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EMCC turns 50

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EMCC turns 50 (edge photo by Mike Fern)

With a new president, EMCC looks forward to the next 50

BANGOR You could say 1966 was a tumultuous year. Lyndon B. Johnson was president of the U.S. during a time when nearly 200,000 troops were part of the war effort in Vietnam. Demonstrations against that war were heating up across the nation, and the military launched its new SR-71 Blackbird spy plane in an effort to gain an advantage in the Cold War.

Meanwhile, the National Hockey League expanded with the addition of the Minnesota North Stars and Pittsburgh Penguins franchises. Informing suspects of their rights became practice for law enforcement after the landmark Miranda v. Arizona was decided by the U.S. Supreme Court. The nation's Freedom of Information Act became law and the AFL-NFL merger that would lead to the first Super Bowl the following January was approved by Congress. Walt Disney died during the making of his last personal production, 'The Jungle Book,' and actor Ronald Reagan was elected governor of California to begin a political career that would eventually lead him to the presidency.

Yes, a lot happened that year. Yet another milestone took place a little closer to home, one that nearly 50 years later would prove helpful to thousands of Mainers seeking to further their educations in the greater Bangor area. It was that year when Eastern Maine Community College first opened its doors.

Today, the college looks much different than it did in 1966. With more facilities, classrooms and resources now than when it first opened, EMCC serves many more students and, according to new president Lisa Larson, the school is poised for explosive growth.

"In having some time to look at Eastern Maine from a distance before I started, and now having a few weeks in and having had the opportunity to talk to a few people, Eastern Maine is really set to take a really big [step]," she said in an interview last week. "One vision is to grow through new programming, through new ways of teaching."

Larson, who began the top job at the college just eight weeks ago, said she sees that potential through both matriculated students and those taking non-credit courses. And she sees even greater potential through a newly established liberal arts curriculum that allows students to consistently transfer credits to four-year colleges. Additionally, the role EMCC has held in the community as a technical college has allowed it to foster longstanding strategic partnerships with the business community, which she said has been successful in building the value of the school's graduates.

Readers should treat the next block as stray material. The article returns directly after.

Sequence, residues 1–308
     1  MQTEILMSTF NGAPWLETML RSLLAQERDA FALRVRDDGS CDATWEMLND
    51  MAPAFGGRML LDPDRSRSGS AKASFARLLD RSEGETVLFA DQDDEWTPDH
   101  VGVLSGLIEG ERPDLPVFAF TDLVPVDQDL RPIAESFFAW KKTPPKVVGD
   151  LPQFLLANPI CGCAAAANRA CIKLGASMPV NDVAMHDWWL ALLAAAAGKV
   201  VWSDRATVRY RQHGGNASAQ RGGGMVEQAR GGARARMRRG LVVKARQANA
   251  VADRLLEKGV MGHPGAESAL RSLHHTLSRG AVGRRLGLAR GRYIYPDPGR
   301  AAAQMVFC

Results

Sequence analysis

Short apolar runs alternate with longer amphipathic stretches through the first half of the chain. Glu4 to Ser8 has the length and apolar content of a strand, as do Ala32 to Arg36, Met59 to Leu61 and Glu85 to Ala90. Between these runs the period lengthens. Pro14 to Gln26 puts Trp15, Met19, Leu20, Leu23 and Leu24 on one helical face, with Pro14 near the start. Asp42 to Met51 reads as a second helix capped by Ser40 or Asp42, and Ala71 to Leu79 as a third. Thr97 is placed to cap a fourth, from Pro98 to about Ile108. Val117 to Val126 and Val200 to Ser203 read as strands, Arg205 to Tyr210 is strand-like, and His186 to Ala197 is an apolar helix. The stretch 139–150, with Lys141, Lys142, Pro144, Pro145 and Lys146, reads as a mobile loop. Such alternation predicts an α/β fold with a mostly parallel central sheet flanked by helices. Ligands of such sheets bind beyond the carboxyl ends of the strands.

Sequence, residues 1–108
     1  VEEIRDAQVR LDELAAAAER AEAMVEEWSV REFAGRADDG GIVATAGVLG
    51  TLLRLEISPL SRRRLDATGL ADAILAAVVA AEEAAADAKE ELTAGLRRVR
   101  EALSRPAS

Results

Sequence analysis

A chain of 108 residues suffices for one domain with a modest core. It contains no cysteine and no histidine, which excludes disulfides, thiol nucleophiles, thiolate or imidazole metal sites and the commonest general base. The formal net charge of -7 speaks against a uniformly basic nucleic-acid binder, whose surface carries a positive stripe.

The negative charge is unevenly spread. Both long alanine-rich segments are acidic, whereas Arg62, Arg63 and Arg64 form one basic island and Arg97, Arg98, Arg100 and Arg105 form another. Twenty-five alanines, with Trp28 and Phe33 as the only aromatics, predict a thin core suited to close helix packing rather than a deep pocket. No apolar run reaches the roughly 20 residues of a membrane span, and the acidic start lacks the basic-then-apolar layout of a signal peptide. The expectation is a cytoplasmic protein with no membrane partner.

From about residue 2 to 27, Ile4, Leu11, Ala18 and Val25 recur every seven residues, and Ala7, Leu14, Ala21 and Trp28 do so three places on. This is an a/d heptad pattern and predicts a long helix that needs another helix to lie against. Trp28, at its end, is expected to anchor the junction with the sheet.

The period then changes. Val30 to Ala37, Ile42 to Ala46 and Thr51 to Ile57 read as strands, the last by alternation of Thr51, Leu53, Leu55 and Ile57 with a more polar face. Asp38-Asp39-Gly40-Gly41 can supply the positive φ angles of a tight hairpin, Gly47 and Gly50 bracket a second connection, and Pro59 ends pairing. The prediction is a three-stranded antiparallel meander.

"We do that through being responsive to our business and industry partners, and we do that through being a good partner with our other colleges in terms of meeting their needs," she said. "We still brand pretty heavily in our career and tech offerings our value placed in that is very high."

A brief history

According to Larson, it's the liberal arts education that has helped fuel EMCC's growth along with the rest of Maine's six other community colleges. However, it wasn't always that way.

With origins stemming from the passage of the Serviceman's Readjustment Bill, known more popularly as the GI Bill, EMCC can trace its roots back to the Maine Vocational Institute, which opened in Augusta in 1946 after Maine's legislature established the school to help returning veterans of World War II.

Seeking to expand educational opportunities further, the state launched a plan to open regional institutes across the state and EMCC was the fourth after Northern Maine opened in Presque Isle in 1963 and Androscoggin in 1964. The state would add three more - Washington County and Kennebec Valley in 1969 and York County in 1995.

The schools themselves went through a transformation as the needs of Maine's students changed. Several were relocated to different towns over the years, and the schools were re-designated as vocational technical institutes when EMCC was founded in 1966. The then-six school system was formalized when the state legislature separated the schools from the state Department of Education and instead created the Maine Vocational Technical Institute System in 1986. Now armed with its own board of trustees and, two years later, a centralized office that would handle functions previously performed by the state, the schools achieved autonomy that allowed for greater flexibility to meet the educational needs of the communities the schools served.